Have you ever railed about how absurd it is that Amazon.com could get a patent on “one-click” online shopping? Or that Smuckers could get one on a crustless peanut-butter-and-jelly sandwich with the edges smushed together? If you’ve ever trash-talked about the U.S. patent system–and who hasn’t?–you should be following closely today’s U.S. Supreme Court argument in KSR v. Teleflex. It could generate the most important patent ruling in decades.
Most of the complaints one hears about patents revolve around the concept of “obviousness”–just how ingenious an idea must be to be patentable. Legally, to be patentable an idea must be (1) novel, (2) nonobvious, and (3) useful. In practice, though, “nonobviousness” is usually the pivotal bone of contention, because mere “novelty” is easily established and “usefulness” can usually be assumed, since otherwise people wouldn’t be litigating over the invention in the first place.
In KSR, the Court must decide what standard judges should use when deciding whether a particular combination of preexisting technologies, each of which had already been in common use, can be considered sufficiently nonobvious to be patentable. Teleflex, which makes accelerators for trucks and automobiles, patented a type of gas pedal that is adjustable (so that both tall and short drivers can use it comfortably) and that uses an electronic rather than mechanical sensor, suitable for most modern-day engines. There is no dispute that both aspects of the invention (adjustability and the use of an electronic sensor) were widely used before the Teleflex patent, but Teleflex claims to have invented the manner in which it melded the two earlier advances into one device. KSR, which also makes gas pedals, protests that the way to combine the two elements would have been obvious to any ordinary mechanic. Teleflex responds that the combination only seems obvious in hindsight, the way all inventions do.
The district court threw the case out before trial, agreeing with KSR. But the U.S. Court of Appeals for the Federal Circuit–the special court created in 1984 to hear all patent appeals–reversed, finding that KSR couldn’t meet the demanding test that court requires before it will invalidate a patent due to obviousness. That test requires KSR to show “teachings, suggestions, or motivations” in the prior technical literature foreshadowing how to make the combination in question. The U.S. Supreme Court will now decide–probably before the end of the term in June 2007–whether that is the proper test to use and, if so, whether the Federal Circuit is interpreted it too rigidly.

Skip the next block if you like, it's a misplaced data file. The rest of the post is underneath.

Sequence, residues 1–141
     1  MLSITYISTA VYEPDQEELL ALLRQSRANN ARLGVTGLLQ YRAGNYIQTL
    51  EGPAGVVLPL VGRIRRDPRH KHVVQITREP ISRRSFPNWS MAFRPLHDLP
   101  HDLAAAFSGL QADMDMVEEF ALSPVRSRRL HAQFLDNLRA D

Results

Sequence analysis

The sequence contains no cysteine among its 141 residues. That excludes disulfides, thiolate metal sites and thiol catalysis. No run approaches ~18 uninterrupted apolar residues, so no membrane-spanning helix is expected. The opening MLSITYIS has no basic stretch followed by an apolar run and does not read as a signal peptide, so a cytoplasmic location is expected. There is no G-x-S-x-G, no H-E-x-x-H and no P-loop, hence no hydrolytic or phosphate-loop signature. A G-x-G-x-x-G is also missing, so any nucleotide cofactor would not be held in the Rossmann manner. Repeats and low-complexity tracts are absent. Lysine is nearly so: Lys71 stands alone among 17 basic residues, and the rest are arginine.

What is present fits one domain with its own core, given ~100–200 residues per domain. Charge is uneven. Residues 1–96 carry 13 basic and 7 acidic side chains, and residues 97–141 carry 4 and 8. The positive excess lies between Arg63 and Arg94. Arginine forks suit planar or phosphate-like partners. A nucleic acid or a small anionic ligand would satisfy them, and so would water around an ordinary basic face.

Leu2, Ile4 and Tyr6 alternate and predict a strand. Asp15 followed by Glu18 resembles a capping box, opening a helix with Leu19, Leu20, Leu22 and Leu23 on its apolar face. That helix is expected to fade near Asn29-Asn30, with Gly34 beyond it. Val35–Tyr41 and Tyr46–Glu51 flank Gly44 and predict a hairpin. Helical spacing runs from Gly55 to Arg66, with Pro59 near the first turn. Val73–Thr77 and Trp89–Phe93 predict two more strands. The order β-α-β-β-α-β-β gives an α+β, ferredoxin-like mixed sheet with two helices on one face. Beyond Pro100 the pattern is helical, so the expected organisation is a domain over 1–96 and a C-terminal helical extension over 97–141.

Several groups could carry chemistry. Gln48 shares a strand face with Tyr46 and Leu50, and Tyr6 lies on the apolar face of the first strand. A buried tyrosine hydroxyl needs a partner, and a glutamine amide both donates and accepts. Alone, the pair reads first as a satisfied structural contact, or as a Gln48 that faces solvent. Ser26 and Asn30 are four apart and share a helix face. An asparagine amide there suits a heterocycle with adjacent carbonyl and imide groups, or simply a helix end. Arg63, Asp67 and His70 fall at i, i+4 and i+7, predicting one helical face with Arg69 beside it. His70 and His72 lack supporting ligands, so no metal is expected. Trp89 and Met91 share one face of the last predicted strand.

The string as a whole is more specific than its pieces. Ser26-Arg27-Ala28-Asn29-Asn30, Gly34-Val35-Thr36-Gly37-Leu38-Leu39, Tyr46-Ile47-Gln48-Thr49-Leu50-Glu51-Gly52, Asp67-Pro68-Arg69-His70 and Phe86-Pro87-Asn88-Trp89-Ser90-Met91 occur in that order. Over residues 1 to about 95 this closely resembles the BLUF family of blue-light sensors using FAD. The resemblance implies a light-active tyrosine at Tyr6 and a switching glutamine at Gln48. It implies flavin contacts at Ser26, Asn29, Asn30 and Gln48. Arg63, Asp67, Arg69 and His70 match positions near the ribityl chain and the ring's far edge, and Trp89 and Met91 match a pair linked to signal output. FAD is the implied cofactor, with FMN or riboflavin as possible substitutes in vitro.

Because obviousness is such a fundamental concept in patent law, and because patents and other intellectual property are increasingly the most valuable assets American companies possess, the case has attracted enormous interest, with more than 40 amicus briefs having been submitted from companies, inventors, universities, trade groups, and intellectual property practitioners, professors, economists, historians.
Companies are generally dividing along the same lines we saw last year when the Court heard another momentous patent case, eBay v. MercExchange, which posed the question of whether there were ever extenuating circumstances that warranted denying a injunction to a patentee that had proven infringement. There eBay argued that the Federal Circuit court was using a rigid rule that made injunctions virtually automatic upon proof of infringement, inappropriately maximizing the leverage that patent-holders wield over accused infringers. In May, the Court unanimously reversed the Federal Circuit and restored a more flexible rule, but also suggested that this flexible approach wouldn’t lead to different outcomes in most cases.
As in eBay, the sector of the economy most strongly advocating change is the technology industry, particularly those companies that make products composed of numerous smaller inventions. Amicus briefs favoring KSR’s position were submitted, for instance, by Cisco, Intel, the Computer and Telecommunications Industry Association, the Business Software Alliance, and the Electronic Frontier Foundation. (The last organization has particular concerns about the way the current rule could disadvantage free and open source software developers in the event of patent litigation.) KSR also got support from the GM, Ford, Chrysler, Viacom and TimeWarner (which owns CNNMoney and Fortune), and, most importantly, from the Solicitor General of the United States, representing the views of both the Justice Department and the Federal Trade Commission.